Therme Canada | Ontario Place
The design of Therme Canada | Ontario Place is grounded in the planned expansion of public park space, and honours and celebrates Ontario Place’s history, including the Pods and Cinesphere. It will create a year-round landmark waterfront destination reconnecting people to Lake Ontario.
The design weaves together three themes, expressed through architecture: the scale and spirit of exhibition pavilions; the restorative qualities of natural forms; and the transparency of greenhouse architecture. Its scale and spirit are inspired by the neighbouring Ontario Place Pavilions and Cinesphere, which will be protected. The goal of supporting body and spirit with wellness in an egalitarian, welcoming environment is infused throughout the design’s transparent and natural forms.
The Therme Entrance Pavilion and bridge from the mainland to the West Island will establish a new public presence along Lake Shore Boulevard West. They are envisioned to be a greenspace and public pathway that recreate the flow of the nearby Credit River, to honour its significance to the Mississaugas of the Credit First Nation (MCFN), who have lived and continue to live on the north shore of Lake Ontario.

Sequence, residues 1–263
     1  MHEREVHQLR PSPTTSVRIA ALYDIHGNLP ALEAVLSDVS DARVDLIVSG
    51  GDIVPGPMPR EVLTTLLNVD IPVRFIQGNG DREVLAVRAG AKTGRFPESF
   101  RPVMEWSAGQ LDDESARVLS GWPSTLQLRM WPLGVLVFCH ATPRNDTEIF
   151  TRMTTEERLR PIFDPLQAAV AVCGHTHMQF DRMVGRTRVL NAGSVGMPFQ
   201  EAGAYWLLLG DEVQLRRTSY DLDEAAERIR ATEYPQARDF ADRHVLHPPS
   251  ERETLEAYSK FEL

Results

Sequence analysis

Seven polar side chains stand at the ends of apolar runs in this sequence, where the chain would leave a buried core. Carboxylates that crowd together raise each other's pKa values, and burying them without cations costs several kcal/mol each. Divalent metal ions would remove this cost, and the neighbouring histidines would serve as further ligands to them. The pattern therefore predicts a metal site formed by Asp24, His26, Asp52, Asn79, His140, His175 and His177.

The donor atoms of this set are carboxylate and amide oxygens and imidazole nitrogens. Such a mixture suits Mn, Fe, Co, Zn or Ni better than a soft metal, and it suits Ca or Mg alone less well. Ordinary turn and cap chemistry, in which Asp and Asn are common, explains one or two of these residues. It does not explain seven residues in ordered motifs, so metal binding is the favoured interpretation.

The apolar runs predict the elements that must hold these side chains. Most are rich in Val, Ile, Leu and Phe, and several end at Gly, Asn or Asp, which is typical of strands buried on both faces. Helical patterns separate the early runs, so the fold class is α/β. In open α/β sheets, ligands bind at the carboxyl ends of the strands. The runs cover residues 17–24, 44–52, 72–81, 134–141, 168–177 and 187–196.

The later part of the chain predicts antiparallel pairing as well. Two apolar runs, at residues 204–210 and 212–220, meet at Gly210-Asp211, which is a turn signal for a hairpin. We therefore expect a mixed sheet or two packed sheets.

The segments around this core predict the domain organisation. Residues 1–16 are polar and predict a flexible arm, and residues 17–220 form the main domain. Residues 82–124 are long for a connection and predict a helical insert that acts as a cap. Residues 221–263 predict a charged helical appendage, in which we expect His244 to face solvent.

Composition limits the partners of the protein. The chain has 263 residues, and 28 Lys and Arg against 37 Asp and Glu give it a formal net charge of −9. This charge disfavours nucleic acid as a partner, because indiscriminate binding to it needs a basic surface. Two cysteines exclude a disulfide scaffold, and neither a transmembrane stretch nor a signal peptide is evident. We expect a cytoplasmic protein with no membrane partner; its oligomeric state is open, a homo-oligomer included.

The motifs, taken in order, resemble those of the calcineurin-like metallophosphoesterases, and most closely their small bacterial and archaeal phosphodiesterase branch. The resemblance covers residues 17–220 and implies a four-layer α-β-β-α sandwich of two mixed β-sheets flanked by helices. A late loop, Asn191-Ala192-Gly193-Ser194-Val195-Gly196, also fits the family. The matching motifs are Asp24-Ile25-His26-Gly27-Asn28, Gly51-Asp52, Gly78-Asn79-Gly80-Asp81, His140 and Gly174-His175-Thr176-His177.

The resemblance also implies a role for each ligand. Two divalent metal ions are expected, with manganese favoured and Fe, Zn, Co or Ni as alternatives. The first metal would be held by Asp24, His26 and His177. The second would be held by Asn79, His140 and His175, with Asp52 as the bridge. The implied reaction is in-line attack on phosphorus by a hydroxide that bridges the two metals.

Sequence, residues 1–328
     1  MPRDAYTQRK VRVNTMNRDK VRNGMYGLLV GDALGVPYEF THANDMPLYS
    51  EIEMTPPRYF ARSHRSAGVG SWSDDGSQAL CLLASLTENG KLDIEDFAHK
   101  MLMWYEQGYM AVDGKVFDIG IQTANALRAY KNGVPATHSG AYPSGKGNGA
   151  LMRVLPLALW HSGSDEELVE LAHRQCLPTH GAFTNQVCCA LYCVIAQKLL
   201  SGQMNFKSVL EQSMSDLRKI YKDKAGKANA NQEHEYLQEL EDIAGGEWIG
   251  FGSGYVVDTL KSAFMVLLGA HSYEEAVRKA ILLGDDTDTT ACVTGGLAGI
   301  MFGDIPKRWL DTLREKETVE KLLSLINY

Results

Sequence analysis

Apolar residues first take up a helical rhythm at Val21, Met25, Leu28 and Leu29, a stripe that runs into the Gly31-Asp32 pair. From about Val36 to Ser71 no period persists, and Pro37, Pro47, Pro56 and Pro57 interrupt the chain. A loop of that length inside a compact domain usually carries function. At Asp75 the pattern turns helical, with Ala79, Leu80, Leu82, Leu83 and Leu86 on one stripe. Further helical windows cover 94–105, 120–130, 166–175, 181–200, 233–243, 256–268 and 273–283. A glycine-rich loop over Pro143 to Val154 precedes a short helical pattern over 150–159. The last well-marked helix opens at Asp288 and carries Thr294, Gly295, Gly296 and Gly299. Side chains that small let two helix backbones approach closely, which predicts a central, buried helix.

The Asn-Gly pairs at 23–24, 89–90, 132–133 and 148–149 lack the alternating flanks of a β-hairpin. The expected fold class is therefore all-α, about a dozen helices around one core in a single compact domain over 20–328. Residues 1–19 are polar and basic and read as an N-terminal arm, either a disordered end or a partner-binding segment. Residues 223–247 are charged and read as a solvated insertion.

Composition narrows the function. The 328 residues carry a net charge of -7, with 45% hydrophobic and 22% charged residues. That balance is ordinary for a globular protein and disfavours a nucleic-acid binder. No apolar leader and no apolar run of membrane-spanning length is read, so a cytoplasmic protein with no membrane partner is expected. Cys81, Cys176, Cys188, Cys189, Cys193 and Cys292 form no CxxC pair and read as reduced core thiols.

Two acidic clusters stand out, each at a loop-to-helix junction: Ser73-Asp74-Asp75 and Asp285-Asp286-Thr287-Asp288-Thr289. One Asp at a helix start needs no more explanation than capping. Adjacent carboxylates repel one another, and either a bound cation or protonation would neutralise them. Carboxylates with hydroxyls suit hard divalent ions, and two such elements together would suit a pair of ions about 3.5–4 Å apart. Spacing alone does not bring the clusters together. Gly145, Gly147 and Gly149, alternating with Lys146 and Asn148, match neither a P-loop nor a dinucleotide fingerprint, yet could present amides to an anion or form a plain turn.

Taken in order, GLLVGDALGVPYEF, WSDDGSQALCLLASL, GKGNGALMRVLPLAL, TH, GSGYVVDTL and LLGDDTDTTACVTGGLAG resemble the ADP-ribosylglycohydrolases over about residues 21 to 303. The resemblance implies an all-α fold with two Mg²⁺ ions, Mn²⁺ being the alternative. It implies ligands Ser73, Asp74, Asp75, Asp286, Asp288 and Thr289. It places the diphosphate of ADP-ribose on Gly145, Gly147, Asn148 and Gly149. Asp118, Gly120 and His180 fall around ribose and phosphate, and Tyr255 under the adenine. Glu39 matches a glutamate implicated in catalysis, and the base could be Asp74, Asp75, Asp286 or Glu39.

The campus-style layout of the West Island introduces new public space to the site, including parks, rooftop trails and gardens, along with new public gathering spaces designed in partnership with the MCFN. The exterior envelope of the main Therme Canada | Ontario Place building is clad in energy efficient, triple layer bird friendly glass on a steel structure, building on the tradition of public botanical greenhouses and glazed exhibition halls. The curvilinear roof is formed by a series of layers. Visitors arrive at a belvedere overlooking the aquatic halls that house the botanical gardens and pools. The glass greenhouse architecture supports the integration of landscape inside the building with indoor pools and a transparent envelope allowing vistas of Lake Ontario and abundant daylight for the planted interior environment. A series of landscaped roofs extends the planted environment to the form.
The planned parklands and beach areas surround the building and allow year-round public waterfront access. The restorative value of outdoor green spaces for recreation, community gathering, and overall quality of life will be enriched with plans for free, public swimming; a new significantly expanded beach area; improved access to the lake edge, beach, wetlands; and an extension of the William G Davis trail across the entire site, accessible to all.
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Amanda van Amelsfort